Tuesday, December 15, 2015

Holiday Blues: Letting the Past Go

Once upon a time, Christmas used to be the one holiday I sooooo looked forward to -- especially Christmas Eve. My parents held the most magnificent parties on that night. We kept up an Italian tradition where we did the Feast of the Seven Fishes. The night before Christmas Eve, Dad would prep and cook all of the seafood until 5am and then crash for the rest of the day. I miss smelling boiling shrimp on December 23rd, in prep for the big party. There are no more smells of lobster and crabmeat salad being mustered up, no more delicious aromas of garlic and breading for the stuffed clams wafting up into our area while we all slept (or tried to) 2am in the morning. The next day (or evening), Mom would start frying shrimp and yellow tail around 6pm, batting me off with a spatula as I tried convincing her that I'm the "taste tester". She made this amazing antipasto, along with Italian bread, assorted cheeses and a ton of chips just to nosh on before the real deal came shuffling out of that tiny kitchen. That was all I have known Christmas to be. Family, friends, food, laughter, togetherness.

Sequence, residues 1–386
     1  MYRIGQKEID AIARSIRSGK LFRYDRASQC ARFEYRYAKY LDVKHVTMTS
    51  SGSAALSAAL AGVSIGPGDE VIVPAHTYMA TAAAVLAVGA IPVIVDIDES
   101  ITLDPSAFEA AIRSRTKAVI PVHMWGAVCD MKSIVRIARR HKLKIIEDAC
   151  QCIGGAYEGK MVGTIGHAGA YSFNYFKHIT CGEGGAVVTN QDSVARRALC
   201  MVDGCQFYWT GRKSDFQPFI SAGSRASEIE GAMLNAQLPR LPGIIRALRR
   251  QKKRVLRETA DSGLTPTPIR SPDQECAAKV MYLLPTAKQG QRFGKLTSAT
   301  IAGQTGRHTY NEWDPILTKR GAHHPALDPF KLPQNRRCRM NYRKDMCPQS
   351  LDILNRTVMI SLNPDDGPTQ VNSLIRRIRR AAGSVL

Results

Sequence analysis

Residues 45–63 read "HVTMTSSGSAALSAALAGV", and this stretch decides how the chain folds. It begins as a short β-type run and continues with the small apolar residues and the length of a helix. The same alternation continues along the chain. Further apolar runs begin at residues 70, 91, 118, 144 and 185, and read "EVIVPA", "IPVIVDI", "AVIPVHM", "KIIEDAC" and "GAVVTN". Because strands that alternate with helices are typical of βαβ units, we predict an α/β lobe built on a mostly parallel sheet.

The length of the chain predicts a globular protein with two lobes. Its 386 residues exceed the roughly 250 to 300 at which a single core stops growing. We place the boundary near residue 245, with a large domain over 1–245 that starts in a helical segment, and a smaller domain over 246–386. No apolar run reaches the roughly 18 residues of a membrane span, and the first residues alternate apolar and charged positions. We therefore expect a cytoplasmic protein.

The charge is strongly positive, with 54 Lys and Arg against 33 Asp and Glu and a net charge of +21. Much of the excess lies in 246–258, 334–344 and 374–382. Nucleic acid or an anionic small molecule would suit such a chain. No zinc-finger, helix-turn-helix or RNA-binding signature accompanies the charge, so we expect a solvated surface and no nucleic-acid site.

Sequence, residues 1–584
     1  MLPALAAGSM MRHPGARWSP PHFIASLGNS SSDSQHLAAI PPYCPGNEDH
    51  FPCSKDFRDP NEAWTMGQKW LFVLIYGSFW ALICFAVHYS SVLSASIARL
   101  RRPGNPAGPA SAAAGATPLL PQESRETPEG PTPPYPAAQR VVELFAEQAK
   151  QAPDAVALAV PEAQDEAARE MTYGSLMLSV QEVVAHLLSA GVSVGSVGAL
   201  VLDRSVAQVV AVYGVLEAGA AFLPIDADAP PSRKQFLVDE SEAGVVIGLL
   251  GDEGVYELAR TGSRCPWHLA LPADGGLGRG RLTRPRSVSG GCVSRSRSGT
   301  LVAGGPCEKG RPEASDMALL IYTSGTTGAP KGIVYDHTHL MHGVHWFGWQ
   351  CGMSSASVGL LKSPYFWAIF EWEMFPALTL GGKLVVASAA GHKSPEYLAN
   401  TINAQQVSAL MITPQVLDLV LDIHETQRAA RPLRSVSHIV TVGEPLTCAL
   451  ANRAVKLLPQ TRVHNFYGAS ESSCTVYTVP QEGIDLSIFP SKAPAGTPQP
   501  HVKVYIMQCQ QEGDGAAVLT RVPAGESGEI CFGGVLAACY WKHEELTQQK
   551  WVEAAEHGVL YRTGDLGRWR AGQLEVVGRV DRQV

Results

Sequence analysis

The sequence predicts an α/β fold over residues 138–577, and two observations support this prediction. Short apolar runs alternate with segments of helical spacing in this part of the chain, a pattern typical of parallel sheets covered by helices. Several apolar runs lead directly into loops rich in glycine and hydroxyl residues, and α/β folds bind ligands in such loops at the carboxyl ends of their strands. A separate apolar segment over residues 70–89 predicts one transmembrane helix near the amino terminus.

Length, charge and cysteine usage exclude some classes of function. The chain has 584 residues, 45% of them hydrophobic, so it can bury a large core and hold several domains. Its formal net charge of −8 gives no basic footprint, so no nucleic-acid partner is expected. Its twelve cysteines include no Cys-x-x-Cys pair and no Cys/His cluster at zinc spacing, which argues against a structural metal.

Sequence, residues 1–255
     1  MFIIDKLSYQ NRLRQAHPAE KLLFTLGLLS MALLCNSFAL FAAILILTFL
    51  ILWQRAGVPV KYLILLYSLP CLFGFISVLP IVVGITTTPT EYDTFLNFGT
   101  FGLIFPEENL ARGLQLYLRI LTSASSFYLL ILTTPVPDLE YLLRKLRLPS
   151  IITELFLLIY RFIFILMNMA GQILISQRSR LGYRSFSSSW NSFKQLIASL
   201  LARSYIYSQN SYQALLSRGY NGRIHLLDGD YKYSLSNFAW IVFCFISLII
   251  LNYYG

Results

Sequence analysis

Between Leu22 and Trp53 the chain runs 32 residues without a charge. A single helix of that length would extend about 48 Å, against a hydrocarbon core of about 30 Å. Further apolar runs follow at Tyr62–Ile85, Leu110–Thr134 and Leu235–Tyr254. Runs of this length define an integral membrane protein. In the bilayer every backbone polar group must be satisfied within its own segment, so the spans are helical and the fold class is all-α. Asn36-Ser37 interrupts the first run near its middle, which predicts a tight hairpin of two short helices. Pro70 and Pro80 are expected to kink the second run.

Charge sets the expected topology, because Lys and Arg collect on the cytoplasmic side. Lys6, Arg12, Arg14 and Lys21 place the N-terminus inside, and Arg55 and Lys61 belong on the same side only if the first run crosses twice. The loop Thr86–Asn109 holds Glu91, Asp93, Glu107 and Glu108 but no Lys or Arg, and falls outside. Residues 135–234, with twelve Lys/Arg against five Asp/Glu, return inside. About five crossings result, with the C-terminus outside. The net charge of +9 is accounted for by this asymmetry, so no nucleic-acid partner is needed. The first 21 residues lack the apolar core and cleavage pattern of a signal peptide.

I miss my dad so much...
But it was never about the expectation of my parents cooking that huge feast or presents being given. It was about togetherness with my family and bringing in our closest and dearest friends to celebrate with us. My views on Christmas are much different these days, or perhaps, I'm taken aback by how Christmas has morphed into a huge financial win rather than the appreciation of those who are in your presence, even if without presents. It's become more of a superficial holiday filled with high expectations and very low levels of appreciation. It's become a shallow event to show off riches, as opposed to showing off how much you love one another. For me, I felt like Christmas had sort of died out the day Dad left us to be with God. But it really didn't -- it was just a "new normal". Our family seemed closer when Dad was still with us. Little by little, our relationships are dwindling down into only seeing one another on "special events" and "holidays" -- even though we only live less than 15 minutes apart. But, change is inevitable and I fully accept that. And of course, sometimes you just grow apart.